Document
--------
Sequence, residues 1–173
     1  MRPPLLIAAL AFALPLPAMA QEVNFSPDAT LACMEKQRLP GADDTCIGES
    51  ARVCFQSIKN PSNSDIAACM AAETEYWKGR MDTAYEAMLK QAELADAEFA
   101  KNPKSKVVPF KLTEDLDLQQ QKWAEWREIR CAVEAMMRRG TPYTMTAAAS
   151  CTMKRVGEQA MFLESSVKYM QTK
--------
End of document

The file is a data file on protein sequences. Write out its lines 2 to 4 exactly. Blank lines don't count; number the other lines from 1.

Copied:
     1  MRPPLLIAAL AFALPLPAMA QEVNFSPDAT LACMEKQRLP GADDTCIGES
    51  ARVCFQSIKN PSNSDIAACM AAETEYWKGR MDTAYEAMLK QAELADAEFA
   101  KNPKSKVVPF KLTEDLDLQQ QKWAEWREIR CAVEAMMRRG TPYTMTAAAS